Dog-gone town can be unfriendly

Charleston is a place like no other. It’s a beautiful city, the folks are as polite as the media says, and the town is romantic enough to make Miles Davis cry.

So what’s not to love about the Lowcountry?

If you own a dog, there’s plenty. Of all the places I’ve lived – more than a few – Charleston has to be the most dog-unfriendly of ‘em all.

Do I have research to back this up? No. There’s a website that gives some of the lowdown on dogs in Charleston, but that’s more for the visitor, the person taking a vacation in Charleston and hopefully spending lots of money.

Sure, the area does make concessions to dog owners. Some. South of Calhoun Street near all the hospitals is a park, where an old library once stood. Nothing left there now except a few columns, a bunch of trees, and grass. I don’t even know if the park has a name, but it doesn’t matter. The locals call it Dog Park, and that’s where many take their pooches to run off a little energy. Leashes? We don’t use no stinkin’ leashes here.

Dog Park is especially popular with the younger set, in particular college-age girls with their dogs, so that’s another of the park’s charms. Hey, I may be getting older, but I ain’t dead.

Outside of that, life can be a little rough if you’re a dog owner. I can sure understand the need for a pet deposit when you move into a place, but in Charleston expect to pay in the neighborhood of $300 or $400 to keep your dog in an apartment or house.

I can understand some of this, maybe. When my dog was a puppy, she had her destructive side. Chomping through the power cord of my computer, while I was using it. Eating a pair of my boots. Nibbling on the Christmas tree lights. To be honest, back then she couldn’t have caused any more hell and destruction if she peed fire.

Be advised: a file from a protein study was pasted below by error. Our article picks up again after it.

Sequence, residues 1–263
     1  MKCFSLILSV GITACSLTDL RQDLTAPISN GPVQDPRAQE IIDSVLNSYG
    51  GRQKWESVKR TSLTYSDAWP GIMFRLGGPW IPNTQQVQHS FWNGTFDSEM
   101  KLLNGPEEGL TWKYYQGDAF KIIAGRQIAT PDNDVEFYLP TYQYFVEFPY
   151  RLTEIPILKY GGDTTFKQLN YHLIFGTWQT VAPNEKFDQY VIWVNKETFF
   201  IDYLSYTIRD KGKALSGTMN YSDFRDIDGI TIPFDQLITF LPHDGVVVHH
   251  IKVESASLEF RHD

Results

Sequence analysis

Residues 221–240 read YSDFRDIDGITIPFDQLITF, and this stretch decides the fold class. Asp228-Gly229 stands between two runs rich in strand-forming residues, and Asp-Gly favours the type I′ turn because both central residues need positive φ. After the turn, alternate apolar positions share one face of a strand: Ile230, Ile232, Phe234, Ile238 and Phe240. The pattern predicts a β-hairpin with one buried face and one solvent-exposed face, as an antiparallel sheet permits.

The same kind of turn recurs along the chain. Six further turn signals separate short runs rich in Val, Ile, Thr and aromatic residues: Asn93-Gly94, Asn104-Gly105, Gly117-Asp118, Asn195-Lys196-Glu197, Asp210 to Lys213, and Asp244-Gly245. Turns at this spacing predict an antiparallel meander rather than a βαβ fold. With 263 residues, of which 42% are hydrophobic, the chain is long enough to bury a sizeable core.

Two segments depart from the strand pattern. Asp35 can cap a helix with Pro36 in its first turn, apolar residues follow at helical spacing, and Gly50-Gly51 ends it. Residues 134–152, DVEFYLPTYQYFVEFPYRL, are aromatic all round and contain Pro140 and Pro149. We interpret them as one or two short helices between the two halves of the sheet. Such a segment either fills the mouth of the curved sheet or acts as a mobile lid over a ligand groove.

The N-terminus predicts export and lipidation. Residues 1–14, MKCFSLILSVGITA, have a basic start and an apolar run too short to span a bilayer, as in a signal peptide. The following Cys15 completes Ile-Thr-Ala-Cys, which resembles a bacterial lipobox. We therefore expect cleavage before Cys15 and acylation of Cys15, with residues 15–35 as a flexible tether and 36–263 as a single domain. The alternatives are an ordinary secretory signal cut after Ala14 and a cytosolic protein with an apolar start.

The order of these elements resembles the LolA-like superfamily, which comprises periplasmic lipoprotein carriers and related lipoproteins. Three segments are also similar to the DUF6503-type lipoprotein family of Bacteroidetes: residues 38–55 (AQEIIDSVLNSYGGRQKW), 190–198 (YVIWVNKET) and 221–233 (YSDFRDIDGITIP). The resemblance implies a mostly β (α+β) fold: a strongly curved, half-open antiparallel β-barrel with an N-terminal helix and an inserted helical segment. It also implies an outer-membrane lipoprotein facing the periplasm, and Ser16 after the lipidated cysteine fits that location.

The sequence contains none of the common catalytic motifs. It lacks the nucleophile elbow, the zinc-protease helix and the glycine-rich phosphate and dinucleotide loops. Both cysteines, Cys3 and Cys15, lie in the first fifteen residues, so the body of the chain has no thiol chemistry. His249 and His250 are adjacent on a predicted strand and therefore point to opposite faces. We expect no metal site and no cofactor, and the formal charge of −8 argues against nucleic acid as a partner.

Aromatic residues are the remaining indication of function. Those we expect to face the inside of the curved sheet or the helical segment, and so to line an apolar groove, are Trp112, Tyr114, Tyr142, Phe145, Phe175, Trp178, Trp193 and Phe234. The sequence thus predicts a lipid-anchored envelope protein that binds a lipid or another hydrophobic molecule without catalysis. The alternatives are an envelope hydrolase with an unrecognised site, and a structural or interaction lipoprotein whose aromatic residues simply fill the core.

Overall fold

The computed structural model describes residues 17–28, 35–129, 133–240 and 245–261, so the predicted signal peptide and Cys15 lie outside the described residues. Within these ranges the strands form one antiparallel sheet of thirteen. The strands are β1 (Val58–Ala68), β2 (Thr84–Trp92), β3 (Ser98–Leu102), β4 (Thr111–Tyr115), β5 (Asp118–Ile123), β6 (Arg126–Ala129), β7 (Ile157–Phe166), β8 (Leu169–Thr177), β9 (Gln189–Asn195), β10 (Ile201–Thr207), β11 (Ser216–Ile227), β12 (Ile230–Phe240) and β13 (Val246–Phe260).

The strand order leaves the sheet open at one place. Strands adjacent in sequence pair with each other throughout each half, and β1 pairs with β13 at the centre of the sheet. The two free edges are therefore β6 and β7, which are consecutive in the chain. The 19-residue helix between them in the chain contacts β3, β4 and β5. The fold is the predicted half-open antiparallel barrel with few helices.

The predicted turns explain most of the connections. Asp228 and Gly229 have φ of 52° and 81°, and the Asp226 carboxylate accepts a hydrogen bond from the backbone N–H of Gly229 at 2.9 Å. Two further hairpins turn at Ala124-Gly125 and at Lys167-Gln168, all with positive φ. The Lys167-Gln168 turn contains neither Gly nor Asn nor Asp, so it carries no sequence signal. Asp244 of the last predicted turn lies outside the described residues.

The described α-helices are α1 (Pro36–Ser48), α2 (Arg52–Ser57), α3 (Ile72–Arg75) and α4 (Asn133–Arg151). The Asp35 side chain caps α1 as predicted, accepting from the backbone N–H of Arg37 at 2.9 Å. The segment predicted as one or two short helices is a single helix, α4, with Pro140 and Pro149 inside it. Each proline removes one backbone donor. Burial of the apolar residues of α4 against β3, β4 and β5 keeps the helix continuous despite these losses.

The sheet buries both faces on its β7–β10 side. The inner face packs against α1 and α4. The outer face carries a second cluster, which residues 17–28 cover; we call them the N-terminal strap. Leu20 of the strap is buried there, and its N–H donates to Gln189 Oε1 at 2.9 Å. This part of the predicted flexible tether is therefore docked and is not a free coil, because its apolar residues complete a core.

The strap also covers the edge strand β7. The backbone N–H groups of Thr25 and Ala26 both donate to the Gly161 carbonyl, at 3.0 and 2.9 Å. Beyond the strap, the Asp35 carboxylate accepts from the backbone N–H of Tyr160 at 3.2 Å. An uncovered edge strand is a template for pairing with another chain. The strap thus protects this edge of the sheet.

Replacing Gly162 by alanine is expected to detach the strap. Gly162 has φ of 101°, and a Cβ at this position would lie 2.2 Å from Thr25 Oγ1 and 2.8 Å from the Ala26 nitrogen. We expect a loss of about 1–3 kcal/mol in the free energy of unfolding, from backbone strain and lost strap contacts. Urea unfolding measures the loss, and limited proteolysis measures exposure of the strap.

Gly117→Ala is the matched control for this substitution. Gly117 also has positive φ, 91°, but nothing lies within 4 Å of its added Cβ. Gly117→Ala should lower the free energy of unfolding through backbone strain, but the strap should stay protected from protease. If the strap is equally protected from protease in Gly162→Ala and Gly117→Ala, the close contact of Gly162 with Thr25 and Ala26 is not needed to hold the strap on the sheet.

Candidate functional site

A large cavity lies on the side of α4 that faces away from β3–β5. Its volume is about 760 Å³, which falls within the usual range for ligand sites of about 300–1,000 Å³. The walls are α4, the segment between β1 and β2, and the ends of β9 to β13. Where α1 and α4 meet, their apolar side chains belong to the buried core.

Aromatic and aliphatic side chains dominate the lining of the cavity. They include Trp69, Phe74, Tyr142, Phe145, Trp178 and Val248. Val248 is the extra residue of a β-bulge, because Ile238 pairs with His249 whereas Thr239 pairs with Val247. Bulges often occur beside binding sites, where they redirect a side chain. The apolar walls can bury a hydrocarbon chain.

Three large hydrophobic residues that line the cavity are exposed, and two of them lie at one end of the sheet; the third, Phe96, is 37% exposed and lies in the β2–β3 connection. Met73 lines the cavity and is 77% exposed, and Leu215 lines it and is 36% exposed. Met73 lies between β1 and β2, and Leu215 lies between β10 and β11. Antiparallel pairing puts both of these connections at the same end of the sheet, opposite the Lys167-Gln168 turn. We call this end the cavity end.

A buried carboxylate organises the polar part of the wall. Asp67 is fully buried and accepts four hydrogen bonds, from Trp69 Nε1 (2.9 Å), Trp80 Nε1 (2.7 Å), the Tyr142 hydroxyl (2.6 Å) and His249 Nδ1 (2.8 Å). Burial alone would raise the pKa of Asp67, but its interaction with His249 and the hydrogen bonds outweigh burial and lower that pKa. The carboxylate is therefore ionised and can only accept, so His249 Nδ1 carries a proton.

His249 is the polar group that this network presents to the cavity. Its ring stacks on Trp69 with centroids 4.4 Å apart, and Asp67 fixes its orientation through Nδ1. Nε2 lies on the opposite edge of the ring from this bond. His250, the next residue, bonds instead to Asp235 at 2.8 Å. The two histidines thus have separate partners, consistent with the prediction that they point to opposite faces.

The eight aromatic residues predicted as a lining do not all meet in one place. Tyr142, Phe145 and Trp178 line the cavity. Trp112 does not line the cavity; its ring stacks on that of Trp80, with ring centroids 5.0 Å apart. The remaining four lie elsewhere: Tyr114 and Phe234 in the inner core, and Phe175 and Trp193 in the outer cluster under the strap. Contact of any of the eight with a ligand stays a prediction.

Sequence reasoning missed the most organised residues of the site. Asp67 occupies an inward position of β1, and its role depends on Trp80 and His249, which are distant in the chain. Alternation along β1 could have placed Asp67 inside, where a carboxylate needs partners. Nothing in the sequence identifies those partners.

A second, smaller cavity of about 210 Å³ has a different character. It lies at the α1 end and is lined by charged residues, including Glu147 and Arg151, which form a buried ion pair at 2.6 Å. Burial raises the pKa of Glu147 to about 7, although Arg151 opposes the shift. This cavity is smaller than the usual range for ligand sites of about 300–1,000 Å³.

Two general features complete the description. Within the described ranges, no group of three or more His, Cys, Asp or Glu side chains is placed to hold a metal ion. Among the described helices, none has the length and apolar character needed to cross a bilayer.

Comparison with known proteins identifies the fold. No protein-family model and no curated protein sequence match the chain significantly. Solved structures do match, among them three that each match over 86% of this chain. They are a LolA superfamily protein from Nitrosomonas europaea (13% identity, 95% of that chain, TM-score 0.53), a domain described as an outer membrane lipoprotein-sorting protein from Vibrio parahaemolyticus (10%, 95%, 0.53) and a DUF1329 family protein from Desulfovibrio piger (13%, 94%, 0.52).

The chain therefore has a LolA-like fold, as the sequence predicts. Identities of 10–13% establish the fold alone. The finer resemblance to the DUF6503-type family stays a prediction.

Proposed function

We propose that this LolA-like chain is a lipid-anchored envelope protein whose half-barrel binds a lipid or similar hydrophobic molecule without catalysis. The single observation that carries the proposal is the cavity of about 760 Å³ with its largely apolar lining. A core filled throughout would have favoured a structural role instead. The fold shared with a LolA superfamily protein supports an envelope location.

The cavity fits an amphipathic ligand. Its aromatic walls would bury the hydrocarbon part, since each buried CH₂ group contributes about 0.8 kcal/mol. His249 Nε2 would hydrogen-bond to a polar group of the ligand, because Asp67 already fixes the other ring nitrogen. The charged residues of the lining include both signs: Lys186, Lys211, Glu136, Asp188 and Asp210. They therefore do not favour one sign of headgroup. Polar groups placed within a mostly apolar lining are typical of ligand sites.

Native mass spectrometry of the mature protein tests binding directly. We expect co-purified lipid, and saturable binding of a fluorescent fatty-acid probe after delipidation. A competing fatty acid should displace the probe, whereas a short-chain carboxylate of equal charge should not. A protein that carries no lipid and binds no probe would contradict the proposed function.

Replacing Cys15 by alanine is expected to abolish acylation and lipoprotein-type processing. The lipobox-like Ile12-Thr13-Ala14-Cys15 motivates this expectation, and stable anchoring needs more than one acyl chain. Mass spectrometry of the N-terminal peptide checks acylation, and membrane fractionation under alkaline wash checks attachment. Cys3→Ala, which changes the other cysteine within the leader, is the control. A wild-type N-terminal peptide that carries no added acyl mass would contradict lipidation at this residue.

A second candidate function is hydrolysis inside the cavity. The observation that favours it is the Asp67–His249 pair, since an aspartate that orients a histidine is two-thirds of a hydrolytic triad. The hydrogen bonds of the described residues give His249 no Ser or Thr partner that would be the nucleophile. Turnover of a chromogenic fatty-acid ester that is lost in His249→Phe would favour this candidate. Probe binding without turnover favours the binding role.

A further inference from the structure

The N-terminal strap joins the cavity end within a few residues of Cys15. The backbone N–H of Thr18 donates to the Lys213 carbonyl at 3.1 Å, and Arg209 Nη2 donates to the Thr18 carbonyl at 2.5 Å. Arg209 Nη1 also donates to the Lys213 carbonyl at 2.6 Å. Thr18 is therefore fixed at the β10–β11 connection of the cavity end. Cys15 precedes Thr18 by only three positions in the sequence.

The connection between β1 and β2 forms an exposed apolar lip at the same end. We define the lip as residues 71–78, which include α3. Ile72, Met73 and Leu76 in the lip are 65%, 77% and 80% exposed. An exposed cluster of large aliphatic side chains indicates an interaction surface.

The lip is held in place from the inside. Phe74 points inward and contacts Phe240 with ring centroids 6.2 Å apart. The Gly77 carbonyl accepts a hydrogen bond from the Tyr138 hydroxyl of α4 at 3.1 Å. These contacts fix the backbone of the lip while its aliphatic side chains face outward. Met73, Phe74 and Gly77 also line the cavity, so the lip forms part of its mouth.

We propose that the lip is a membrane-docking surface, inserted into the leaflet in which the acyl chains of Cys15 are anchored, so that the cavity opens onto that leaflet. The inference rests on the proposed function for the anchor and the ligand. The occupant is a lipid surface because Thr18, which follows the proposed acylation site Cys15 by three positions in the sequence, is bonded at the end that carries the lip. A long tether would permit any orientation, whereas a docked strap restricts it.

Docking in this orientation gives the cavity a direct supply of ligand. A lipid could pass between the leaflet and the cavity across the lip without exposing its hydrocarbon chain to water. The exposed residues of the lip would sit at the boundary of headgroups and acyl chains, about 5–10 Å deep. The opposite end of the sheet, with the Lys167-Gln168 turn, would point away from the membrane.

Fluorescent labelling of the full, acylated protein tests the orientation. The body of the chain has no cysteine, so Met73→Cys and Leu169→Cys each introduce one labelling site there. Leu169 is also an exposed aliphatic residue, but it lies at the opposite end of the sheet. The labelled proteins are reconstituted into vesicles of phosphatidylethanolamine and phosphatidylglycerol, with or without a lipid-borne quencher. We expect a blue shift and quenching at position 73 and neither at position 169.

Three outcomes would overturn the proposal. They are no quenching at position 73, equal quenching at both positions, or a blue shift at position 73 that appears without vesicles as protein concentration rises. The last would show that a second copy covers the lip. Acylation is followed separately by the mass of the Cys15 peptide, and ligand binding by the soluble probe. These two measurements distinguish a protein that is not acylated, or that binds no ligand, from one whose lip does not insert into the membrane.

But then, human children can also have their destructive moments, as any battle-hardened parent will tell you. But I’ve never heard of a landlord imposing a child deposit. Are you kidding? There are civil liberty-type organizations who would gladly serve that landlord’s head on a platter if he ever even thought of such a notion.

I’ve had Hoodoo since she was six weeks old. She’s 13 now, and has the grey to prove it. Not near as hyper as she once was, and it’s been at least a decade since she’s destroyed anything. She’s mellowed with age. Her only real objectionable quality – besides being horrendously spoiled and jealous – is that she gets excited when I come home from work. My neighbors say they never hear her until that moment; that’s when all of Charleston County knows of my arrival.

A few days ago, I experienced another example of how dog-unfriendly Charleston County can be. I’m currently without an Internet connection, so I walk to the library to maintain this blog and keep up with the tons of email I seem to get. No problem there. And when I walk anywhere, Hoodoo goes with me. That’s a house rule that she set years ago. I’ll tie her out near the library entrance with a bowl of water while I do my business inside. She’ll usually curl up and go to sleep before long, and wait for me to finish – like a good dog.

Anyway, I was reading some newspapers and taking notes at the Cooper River Library, waiting for my turn at the computer, when the librarian wanted to know who owned that dog outside. That would be me, I said, and is there a problem?

Yes, problem. Unless she’s a service animal, she can’t be there. Well, the librarian already saw me read the paper, so I knew I wasn’t going to weasel out of this very easily. I offered to tie Hoodoo out around the side of the building where no one ever goes, and that wouldn’t work either. Can’t be on the premises.

With that, I put away the newspapers, gathered up my notes, collected Hoodoo, and left.

Besides the obvious – like what am I going to do for an “office,” this just plain ticks me off.

Charleston, I’m afraid, is trying to go big-city. Maybe not New York (there is a god) or Los Angeles (and a just god he is), but maybe another Atlanta. I see that in some of the growth and some of the new laws in town, and how it’s losing just a smidgen of the charm that makes it Charleston. Whatever it is, big cities and dogs just don’t see eye to eye.

Meanwhile, the search is on for a provisional office. Right now, the interim answer is an easy one – go find another library.

Author: Eric Pulsifer

Eric Pulsifer is a veteran wordsmith with experience as a journalist, editor, musician, and freelance writer.

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